Why Standard Deviation Matters When Choosing Investments

Not all returns are created equal.

Standard deviation is a common statistical measurement and is defined by Oxford Dictionaries as:  ‘A quantity expressing by how much the members of a group differ from the mean value for the group.’ In other words, it is a measure of volatility that tells you how far apart all of the values are from the average (or mean) value.

For example, if Mutual Fund A has an average annual return of 10% and a standard deviation of 4%, you would expect about 68% of the time for the return to be between 6% and 14% (1 standard deviation on either side of 10%). About 95% of the time you would expect the return to be between 2% and 18% (or 2 standard deviations on either side of 10%).  This assumes the fund’s returns follow a normal distribution or what is commonly called a ‘bell curve.’ In a normal distribution, 68% of values are within 1 standard deviation of the mean, 95% of values are within 2 standard deviations of the mean and 99.7% of values are within 3 standard deviations of the mean. 

Standard Diviation

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If Mutual Fund B has an average annual return of 10% and a standard deviation of 15%, you would expect about 68% of the time for the return to be between -5% and 25%.  About 95% of the time you would expect the return to be between -20% and 40%.

As you can see, not all returns are created equal and the volatility would be much greater with mutual fund B, even though they have the same average return. In my opinion, dealing with volatility often causes people to make decisions that may not be in their best interest. If you don’t think you would react well with a fund that has wild swings, perhaps you should consider one with a lower standard deviation.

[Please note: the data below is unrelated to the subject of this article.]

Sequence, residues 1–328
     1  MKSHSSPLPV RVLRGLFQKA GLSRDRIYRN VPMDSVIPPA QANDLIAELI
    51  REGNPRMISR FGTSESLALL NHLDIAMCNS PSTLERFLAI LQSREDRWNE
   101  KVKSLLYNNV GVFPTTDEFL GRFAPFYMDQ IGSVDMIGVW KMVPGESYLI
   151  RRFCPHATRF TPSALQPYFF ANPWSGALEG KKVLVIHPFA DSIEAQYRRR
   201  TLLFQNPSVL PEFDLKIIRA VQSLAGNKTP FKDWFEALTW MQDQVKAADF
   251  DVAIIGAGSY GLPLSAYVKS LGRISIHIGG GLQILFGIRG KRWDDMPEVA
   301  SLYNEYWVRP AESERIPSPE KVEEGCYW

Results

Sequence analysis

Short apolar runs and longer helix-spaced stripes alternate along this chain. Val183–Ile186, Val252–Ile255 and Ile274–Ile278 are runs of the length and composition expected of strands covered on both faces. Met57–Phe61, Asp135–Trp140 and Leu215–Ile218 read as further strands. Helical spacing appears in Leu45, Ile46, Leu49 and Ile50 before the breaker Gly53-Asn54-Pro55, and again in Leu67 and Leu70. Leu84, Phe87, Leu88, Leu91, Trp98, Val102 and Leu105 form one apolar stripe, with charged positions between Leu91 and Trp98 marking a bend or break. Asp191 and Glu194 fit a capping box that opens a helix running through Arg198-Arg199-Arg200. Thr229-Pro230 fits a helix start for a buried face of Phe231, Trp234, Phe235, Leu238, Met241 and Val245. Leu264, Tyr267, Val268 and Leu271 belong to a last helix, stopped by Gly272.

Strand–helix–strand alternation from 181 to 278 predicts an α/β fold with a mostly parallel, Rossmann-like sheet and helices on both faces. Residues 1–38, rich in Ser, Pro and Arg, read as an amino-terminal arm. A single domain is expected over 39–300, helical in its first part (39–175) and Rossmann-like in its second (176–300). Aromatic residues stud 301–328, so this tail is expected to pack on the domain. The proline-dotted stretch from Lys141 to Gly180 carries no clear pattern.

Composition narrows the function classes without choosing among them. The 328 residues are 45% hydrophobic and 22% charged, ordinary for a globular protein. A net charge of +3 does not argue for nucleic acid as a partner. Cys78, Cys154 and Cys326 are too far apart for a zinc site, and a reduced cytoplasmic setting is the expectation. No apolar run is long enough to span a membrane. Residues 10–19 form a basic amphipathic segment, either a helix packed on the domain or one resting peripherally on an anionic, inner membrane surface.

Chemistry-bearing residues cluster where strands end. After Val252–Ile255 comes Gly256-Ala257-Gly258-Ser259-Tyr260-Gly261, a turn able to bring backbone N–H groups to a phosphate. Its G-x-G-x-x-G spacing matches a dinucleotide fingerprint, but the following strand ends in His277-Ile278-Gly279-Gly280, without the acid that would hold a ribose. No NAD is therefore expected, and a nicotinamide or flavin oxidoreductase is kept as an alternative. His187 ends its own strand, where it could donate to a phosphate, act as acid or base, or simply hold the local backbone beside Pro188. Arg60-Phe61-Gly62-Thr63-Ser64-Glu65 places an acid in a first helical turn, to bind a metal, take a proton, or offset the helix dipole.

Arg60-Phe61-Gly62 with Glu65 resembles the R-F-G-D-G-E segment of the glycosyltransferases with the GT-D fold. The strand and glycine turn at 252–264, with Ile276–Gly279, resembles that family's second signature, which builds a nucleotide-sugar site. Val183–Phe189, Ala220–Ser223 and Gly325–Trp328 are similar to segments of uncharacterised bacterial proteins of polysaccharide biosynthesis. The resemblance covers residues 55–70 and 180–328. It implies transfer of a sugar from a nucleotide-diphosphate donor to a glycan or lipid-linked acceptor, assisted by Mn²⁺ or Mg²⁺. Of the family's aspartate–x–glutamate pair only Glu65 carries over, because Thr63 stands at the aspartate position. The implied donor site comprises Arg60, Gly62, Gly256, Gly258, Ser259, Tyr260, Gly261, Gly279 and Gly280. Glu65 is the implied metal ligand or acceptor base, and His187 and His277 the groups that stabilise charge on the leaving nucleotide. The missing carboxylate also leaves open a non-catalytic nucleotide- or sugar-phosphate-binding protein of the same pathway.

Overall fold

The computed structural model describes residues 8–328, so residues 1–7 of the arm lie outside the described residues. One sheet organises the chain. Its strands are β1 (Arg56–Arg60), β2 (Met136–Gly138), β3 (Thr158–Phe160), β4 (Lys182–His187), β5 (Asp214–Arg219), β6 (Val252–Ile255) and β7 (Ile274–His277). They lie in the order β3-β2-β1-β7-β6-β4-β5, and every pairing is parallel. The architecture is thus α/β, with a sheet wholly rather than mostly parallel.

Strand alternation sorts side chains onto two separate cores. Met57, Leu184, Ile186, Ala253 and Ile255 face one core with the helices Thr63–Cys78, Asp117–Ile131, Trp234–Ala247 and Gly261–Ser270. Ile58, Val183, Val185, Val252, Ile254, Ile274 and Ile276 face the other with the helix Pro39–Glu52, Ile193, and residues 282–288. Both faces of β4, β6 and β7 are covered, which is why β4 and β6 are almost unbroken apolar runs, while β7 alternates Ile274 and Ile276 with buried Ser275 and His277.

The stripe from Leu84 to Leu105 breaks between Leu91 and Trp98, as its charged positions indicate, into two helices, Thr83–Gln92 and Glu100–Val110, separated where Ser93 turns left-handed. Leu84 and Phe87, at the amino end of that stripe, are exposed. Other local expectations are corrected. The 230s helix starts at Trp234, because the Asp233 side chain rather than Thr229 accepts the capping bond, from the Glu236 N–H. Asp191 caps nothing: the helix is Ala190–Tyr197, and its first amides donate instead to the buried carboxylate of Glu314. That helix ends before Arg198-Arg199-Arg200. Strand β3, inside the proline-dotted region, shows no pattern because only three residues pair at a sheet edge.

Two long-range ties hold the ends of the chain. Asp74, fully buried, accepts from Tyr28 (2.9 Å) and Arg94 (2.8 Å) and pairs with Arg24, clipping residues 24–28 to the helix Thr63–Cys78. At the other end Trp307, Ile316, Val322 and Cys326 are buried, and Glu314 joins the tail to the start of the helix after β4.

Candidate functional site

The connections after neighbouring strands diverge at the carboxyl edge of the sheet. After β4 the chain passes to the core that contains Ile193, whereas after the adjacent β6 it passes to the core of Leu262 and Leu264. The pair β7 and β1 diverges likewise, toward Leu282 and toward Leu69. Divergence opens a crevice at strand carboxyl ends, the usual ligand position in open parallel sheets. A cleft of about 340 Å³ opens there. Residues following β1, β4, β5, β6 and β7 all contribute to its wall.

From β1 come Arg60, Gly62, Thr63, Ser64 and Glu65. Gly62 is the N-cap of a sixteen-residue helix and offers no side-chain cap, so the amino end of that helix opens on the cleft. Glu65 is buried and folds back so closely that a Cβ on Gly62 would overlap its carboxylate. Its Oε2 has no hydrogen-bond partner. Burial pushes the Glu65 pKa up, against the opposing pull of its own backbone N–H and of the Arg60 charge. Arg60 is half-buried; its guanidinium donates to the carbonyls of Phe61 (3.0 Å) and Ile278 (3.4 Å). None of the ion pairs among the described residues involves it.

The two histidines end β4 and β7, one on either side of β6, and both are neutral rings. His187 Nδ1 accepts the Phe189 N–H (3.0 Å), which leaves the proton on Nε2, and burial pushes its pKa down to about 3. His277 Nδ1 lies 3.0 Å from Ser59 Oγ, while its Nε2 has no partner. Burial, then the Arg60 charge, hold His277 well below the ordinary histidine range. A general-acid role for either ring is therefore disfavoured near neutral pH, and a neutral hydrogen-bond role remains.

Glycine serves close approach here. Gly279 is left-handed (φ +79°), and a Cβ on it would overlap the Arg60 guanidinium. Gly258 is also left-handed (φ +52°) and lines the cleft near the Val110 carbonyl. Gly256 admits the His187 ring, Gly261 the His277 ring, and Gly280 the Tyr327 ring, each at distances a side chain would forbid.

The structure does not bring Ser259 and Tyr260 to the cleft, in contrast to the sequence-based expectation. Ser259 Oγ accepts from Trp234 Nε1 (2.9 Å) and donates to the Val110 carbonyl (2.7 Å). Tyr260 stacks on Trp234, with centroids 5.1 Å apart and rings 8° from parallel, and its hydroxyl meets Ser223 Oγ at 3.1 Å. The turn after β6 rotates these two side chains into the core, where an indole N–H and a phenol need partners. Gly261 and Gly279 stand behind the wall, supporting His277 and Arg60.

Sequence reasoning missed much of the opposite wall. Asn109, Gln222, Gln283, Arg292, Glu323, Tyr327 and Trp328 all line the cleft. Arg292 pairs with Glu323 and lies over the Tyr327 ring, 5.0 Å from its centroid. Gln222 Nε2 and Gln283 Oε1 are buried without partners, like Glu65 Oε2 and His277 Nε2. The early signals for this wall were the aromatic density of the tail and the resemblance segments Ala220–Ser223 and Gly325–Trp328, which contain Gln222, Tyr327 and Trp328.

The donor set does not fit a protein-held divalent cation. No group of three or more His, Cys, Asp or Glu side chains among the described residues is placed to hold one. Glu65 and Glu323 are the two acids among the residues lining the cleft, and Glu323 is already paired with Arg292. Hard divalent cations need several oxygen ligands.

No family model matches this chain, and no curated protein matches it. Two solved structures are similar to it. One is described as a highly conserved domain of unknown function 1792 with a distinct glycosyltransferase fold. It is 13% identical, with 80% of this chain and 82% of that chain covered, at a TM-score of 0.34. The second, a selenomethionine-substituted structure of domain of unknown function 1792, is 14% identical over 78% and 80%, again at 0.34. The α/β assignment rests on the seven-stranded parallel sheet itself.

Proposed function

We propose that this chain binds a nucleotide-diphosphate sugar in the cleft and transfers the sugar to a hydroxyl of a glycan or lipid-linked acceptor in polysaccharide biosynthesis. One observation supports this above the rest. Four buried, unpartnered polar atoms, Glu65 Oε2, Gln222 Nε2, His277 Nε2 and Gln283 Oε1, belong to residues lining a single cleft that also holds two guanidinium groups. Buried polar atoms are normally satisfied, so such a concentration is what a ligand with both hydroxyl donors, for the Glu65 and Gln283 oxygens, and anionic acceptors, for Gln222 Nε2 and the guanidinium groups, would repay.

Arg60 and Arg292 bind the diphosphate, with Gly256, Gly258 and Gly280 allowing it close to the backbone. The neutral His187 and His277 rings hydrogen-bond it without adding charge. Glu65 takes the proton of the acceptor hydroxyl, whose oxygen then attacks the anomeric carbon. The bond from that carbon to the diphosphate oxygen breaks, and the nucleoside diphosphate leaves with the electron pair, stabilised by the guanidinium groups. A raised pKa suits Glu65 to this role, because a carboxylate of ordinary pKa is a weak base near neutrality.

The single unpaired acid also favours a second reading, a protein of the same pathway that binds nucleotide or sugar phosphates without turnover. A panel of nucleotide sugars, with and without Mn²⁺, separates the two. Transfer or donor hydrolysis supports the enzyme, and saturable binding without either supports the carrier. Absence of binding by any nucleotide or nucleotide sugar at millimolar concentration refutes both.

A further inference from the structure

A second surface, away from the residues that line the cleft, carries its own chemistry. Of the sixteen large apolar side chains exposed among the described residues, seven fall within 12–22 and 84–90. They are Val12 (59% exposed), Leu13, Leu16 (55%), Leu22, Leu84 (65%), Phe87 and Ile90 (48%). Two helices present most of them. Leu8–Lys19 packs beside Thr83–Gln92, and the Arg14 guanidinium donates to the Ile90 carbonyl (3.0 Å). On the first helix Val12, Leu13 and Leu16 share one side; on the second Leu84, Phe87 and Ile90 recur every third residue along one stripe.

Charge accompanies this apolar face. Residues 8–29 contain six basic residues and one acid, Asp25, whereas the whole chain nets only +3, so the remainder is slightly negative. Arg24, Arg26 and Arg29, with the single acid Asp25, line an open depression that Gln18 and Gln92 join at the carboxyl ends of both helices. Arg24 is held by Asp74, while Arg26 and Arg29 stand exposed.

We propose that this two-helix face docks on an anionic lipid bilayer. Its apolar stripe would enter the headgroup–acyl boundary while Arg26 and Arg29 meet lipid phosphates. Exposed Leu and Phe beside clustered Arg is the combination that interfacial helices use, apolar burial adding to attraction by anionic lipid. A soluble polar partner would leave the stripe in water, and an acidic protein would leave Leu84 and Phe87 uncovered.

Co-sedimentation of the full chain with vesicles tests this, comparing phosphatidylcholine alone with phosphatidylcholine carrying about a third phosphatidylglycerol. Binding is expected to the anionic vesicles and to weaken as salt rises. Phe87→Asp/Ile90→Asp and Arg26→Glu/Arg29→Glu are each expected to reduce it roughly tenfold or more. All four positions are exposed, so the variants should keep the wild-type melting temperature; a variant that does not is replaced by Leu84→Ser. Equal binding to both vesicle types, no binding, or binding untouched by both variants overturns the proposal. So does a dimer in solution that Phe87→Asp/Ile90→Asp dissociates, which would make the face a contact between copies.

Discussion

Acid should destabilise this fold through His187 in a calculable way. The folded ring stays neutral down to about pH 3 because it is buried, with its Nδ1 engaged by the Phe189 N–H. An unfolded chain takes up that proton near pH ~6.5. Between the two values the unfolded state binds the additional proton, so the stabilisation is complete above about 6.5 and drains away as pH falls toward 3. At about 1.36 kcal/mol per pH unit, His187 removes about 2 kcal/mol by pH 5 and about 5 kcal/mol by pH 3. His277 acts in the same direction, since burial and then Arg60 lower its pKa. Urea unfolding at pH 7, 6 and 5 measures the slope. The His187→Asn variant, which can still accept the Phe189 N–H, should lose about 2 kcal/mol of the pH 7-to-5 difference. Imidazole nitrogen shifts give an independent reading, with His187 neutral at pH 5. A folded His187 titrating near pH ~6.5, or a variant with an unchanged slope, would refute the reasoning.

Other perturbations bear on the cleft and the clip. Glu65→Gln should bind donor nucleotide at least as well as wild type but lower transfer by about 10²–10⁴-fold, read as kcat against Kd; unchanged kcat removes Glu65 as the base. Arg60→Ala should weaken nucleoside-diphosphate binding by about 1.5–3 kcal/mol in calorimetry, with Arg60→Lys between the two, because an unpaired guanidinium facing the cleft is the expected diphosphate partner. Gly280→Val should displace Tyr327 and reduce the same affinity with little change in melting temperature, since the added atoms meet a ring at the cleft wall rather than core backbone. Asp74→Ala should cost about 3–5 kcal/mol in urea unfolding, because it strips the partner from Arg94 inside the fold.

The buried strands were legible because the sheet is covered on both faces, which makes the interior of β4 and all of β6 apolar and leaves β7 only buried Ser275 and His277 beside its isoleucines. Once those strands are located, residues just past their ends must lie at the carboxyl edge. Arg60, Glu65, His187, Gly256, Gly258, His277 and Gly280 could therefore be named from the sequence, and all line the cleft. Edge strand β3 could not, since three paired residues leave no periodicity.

Why Standard Deviation Matters When Choosing Investments appeared on http://rodgers-associates.com/blog/

About the author

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Michael Helveston, CFP®, CRPC®

Mike Helveston, CFP®, CRPC® is Director of Adviser Services at Rodgers & Associates. He manages the team of advisers and is responsible for maintaining the firm’s financial planning process. In addition, he provides comprehensive tax, estate and investment planning advice to guide our high-net-worth clients toward their financial goals. Mike joined Rodgers & Associates in 2007 after starting in the profession over 15 years ago with Vanguard.

Mike is a contributor to Forbes, has been quoted in the Wall Street Journal and has also appeared on television and radio discussing various financial planning issues.

Mike has served the community as a volunteer mortgage counselor with Tabor Community Services, a student financial literacy volunteer for Junior Achievement and as a mentor through Bridge of Hope. His hobbies include running, golfing with friends, listening to music and watching professional sports. He resides in Downingtown, PA with his wife and three children.

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